Lectionary Reflections
First Sunday after Pentecost
Matthew 28:1-20
June 19, 2011

How good are you at doing what you're told, without question? Growing up, we can all remember a parent saying, "Just do what I say. Stop arguing." Or the dreaded "Because I said so!" It's so much easier on parents and authority figures when those under their authority just do what they say, without question.

The Chief Priests Try to Tell Pilate What to Do
In our lectionary text this week, the chief priests and Pharisees try to tell Pilate what to do. "Command the tomb to be made secure until the third day" (27:64). Out of respect for the fact that Pilate has political authority over them, they explain the reason for their command: "We're afraid his disciples will steal the body and spread the ridiculous rumor that he has been raised from the dead." Pilate counters by asserting his authority over them and telling them to do what they just tried to tell him to do. "You have a guard of soldiers; go, make it as secure as you can."

Have you ever before noticed the power of those five little words: "as secure as you can"? The fact is the soldiers' best efforts to seal the stone and secure the tomb were no match for the resurrecting power of God. It's a scene of comic futility as I picture it. Here are the chief priests and the Pharisees leading the group of soldiers to the tomb, and supervising (I don't picture them doing any manual labor themselves) while the soldiers unpacked several tubs of DryDex interior/exterior spackling paste and trowels and attempt to seal the tomb.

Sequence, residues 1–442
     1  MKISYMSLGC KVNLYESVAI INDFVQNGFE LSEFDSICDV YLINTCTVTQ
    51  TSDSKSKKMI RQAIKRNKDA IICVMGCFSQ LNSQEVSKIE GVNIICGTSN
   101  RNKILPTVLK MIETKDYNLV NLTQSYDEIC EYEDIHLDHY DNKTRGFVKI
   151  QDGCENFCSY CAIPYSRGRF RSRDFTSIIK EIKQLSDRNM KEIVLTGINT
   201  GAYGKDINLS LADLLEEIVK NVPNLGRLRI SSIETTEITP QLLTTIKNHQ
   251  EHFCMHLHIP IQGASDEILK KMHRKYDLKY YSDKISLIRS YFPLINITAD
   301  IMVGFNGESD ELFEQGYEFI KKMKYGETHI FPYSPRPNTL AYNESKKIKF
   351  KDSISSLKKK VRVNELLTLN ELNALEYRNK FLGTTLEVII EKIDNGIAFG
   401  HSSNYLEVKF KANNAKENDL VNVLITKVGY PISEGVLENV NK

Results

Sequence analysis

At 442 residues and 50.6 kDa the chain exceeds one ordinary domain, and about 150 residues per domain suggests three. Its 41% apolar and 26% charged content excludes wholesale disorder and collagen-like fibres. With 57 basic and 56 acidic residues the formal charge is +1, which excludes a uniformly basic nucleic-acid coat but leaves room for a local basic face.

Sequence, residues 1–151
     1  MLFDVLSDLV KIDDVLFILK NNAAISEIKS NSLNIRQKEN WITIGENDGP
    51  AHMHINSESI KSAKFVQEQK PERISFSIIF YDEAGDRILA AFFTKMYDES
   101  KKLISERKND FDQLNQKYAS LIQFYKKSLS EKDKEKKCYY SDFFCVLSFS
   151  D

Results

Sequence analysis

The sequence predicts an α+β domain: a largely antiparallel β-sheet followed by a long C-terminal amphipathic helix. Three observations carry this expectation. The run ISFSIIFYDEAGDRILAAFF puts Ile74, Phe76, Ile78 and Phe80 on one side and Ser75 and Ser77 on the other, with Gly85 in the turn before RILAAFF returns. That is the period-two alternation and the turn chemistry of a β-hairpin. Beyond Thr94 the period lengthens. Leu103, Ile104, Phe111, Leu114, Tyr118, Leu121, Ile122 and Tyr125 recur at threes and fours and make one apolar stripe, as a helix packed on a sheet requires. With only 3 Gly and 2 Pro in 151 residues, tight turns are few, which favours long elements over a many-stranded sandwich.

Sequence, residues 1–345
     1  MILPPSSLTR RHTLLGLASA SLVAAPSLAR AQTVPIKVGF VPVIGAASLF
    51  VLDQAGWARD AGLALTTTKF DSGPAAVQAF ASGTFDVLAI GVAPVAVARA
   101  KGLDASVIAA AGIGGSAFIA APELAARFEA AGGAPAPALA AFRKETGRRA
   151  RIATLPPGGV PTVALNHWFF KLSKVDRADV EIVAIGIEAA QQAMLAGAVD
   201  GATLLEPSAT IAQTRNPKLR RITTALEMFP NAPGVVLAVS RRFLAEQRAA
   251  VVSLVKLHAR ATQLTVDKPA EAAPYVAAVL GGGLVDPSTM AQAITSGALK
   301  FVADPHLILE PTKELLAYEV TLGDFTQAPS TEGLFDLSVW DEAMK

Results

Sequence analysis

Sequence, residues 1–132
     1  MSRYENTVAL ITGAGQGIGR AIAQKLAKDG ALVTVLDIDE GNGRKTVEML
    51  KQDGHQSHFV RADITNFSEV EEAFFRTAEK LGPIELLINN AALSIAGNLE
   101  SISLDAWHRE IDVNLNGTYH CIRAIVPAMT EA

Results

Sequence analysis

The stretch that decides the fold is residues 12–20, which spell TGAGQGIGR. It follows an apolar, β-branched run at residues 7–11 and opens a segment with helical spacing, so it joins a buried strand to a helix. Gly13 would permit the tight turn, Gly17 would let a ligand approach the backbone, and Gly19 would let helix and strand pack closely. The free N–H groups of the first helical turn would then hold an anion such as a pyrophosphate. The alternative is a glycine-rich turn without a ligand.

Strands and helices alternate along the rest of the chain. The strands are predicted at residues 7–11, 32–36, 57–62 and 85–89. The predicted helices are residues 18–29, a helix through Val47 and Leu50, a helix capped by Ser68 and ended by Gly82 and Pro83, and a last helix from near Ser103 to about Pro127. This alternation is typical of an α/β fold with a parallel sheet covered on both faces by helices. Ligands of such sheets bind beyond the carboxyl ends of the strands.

John Ortberg in his book Know Doubt: The Importance of Embracing Uncertainty in Your Life includes this soliloquy by Pilate: "Well, I guess that's the end of that. I guess we won't hear any more about that movement. I don't know much about this Jesus, but we sure have built him a nice little cage."

Ortberg adds this comment: "But the thing about Jesus is that you just can't keep him in a cage. He never was a cage kind of guy. The authorities didn't know it, but death wasn't defeat for him." (Ortberg, 93)

The Soldiers Do as They Are Told
The soldiers have no say in any of this. They are initially described as a faceless, voiceless, opinion-less group. What did they think about this assignment? Maybe not much. It was an odd assignment, but one that didn't involve danger or risk. They could practically sleep through it. How hard would it be to stand outside a tomb for three days and keep a couple of guys from stealing a body? This wasn't a dramatic, life-threatening assignment like "Go and hold that hill against the enemy onslaught. Be willing to give your life if necessary."

But on second glance, it was. It turns out that this was a very dramatic assignment. I'd call an earthquake and a glistening angel dramatic. As for life threatening, it's that too. A group of men who earn their living by fighting to secure victory for their bosses witness God's victory over death. How could this not threaten their view of life, their values, and their vocation? Had I been among the guard, once my blood pressure came down to the point that I could have a thought, that thought might have been, "Hmmmm, maybe I'm on the wrong side of this showdown."